“My daughter’s wish came true” James O’ Brien has become the first patient to have pioneering stem cell surgery to restore sight on the NHS
Husband and father James O’ Brien, aged 44, from Rotherhithe, in London, was in ’the wrong place at the wrong time’ when at the age 18, he and his friends were attacked and sprayed in the face with ammonia in South London.
He has gone from near blindness to being able to see everything. Previously he could not even see the standard chart that they use in an Opticians, but now he can read everything. He says; “It’s a massive bonus to be able to see out of both eyes, and to see my children out of my right eye. I’d never seen them at all, out of that eye before.”
The attack left him completely blind in his right eye. It was only due to the quick actions of a hero passer-by who threw water in his face, that his left eye was miraculously saved. James recalls the traumatic incident; “I felt like my face was on fire and I thought I was going to die.”
Now, a quarter of a century later, and having not been able to see his wife and children clearly, James has become the first ever patient to undergo revolutionary stem cell treatment for the rejuvenation of the eye, courtesy of the NHS.
James is married with a six year old daughter and four year old son, and works as a Project Manager. He says; “When I am cycling I can just glance over my shoulder and see what traffic is behind me. With my children we were playing a game around the dining room table and they were holding up fingers and I was telling them how many, with my right eye – they were squealing with delight! This procedure has also given me greater comfort. The surface of my eye was heavily scarred but they have smoothed that out and the eye is much healthier and more comfortable. It is slightly blurred because I still have stitches in but once those come out at the end of this year I should get even better vision.”
The pioneering procedure was performed by consultant ophthalmic surgeon Dr Sajjad Ahmad only last year. Accompanied by surgeons at the Moorfield Eye Hospital in London, Ahmad managed to cut away the significant scar tissue from James’ right eye and replace them with lab grown cells derived from his own stem cells.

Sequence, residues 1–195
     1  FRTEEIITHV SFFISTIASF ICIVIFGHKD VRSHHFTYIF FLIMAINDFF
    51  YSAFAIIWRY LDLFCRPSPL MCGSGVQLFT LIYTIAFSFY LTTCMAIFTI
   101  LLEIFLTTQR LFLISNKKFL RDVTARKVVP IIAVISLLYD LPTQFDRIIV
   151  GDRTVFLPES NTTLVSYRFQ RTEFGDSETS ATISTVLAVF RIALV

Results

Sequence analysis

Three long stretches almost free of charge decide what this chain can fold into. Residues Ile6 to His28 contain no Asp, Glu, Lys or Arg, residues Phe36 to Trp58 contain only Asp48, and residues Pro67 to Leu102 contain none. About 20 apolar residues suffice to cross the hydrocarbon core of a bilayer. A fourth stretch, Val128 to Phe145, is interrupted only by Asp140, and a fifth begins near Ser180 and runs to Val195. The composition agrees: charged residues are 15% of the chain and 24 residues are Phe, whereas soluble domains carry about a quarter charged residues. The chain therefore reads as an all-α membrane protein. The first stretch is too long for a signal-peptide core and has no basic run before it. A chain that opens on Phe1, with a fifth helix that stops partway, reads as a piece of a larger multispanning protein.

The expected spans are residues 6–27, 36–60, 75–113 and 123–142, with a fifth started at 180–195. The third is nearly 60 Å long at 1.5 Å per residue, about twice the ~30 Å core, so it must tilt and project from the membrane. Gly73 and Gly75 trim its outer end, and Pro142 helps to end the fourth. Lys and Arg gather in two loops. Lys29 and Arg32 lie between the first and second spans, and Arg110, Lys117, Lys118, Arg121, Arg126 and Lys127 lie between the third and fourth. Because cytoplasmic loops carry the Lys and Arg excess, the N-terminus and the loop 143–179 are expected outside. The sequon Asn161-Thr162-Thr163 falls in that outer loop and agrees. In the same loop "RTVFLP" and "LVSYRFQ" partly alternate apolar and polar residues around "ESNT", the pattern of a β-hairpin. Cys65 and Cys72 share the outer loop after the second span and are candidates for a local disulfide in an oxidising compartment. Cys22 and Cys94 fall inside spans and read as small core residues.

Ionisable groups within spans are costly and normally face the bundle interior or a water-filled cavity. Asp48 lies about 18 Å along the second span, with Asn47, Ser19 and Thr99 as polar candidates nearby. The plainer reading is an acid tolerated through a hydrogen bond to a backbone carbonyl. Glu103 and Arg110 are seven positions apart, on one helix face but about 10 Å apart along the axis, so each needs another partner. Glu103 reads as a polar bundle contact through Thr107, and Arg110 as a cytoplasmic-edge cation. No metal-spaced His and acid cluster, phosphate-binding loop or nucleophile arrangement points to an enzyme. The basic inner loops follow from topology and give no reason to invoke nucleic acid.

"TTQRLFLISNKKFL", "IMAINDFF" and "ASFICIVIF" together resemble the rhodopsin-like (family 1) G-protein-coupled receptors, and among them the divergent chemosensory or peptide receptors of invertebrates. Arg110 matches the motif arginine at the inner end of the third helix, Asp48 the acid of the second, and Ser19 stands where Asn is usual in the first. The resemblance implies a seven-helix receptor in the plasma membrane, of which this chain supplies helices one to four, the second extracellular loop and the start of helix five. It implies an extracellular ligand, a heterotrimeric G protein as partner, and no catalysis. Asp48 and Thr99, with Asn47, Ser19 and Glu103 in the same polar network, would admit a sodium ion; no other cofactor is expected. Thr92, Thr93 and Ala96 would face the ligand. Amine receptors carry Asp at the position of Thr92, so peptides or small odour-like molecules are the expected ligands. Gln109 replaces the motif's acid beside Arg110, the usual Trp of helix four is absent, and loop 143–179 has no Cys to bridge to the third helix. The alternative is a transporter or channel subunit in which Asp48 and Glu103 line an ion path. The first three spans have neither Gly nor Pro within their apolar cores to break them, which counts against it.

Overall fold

The procedure has taken 18 months in total and combined innovative stem cell rejuvenation from his own healthy eye, and a cornea transplant. Ahmad initially took a tiny biopsy about 1 to 2 mm from James’ healthy eye, and removed the scar tissue from the damaged eye. He then repopulates the tissue of the damaged eye with the stem cell transplant from the healthy eye. At this point doctors gave James a 75% chance of success.
After waiting for the highly delicate eye tissue to heal, in June, Ahmad then gave James a cornea from a deceased donor to complete the surgery and completely restore his sight.
Up until the final reveal when James’ final bandages were removed no one knew whether the procedure was a success. In wonderful scenes James is pictured having his final dressings removed and seeing through his damaged eye for the first time in 25 years. James was amazed, he said; “being able to see through both eyes after all these years means the world to me.”
Dr Ahmad has said that because of James’ bravery to become the first guinea pig, the surgery, which was performed at a total cost of £92,000, would now go on to change the lives of other young people who are suffering in all areas of their lives due to sudden and immediate eye loss.
The surgeon says he sees a number of these acid attacks each week at the hospital and statistically the number of recorded acts has increased threefold to more than 500% between 2012 and 2016 with 4 out of 5 of the attacks aimed at men.
“This is going to have a huge impact. A lot of patients are young men so it affects not only their work but lives and those around them”.
The impact for James and his young family is immediate as he recalls his daughter Edie’s wish in a Chinese lantern for her ‘daddy’s eyes to get better soon’. James will now be able to tell his daughter that her wish has finally come true.
As for the future of this amazing treatment, Dr Ahmad hopes to develop it further to restore not only the sight in victims blinded in both eyes but also for patients with complex degenerative eye conditions.
NICE, the NHS’s rationing body and NHS England who give the okay to new treatments, have approved this for all eligible patients on the NHS.
Who is Dr Sajjad Ahmad?
Dr Sajjad Ahmad is a Consultant Ophthalmic Surgeon at Moorfields Eye Hospital NHS Foundation Trust and honorary surgeon at St Paul’s Eye Unit at the Royal Liverpool University Hospital. He also acts as an Honorary Senior Clinical Lecturer at the Institute of Ophthalmology, University College London and at the Department of Eye and Vision Science, University of Liverpool.
He is a Corneal, cataract and ocular surface disease specialist who studied at Newcastle University Medical School. As well as innovative stem cell treatment his areas of expertise include; Blepharitis; Chalazion; Children’s eye conditions; Corneal abrasion; Corneal graft; Conjunctivitis; Dry eye; Episcleritis; Fuchs’ dystrophy; Keratoconus; Sties; Watering eye; and Cataract surgery
You can watch James’ story and see his reaction when he looks out of his right eye in BBC Inside Out https://www.bbc.co.uk/programmes/m0008dkb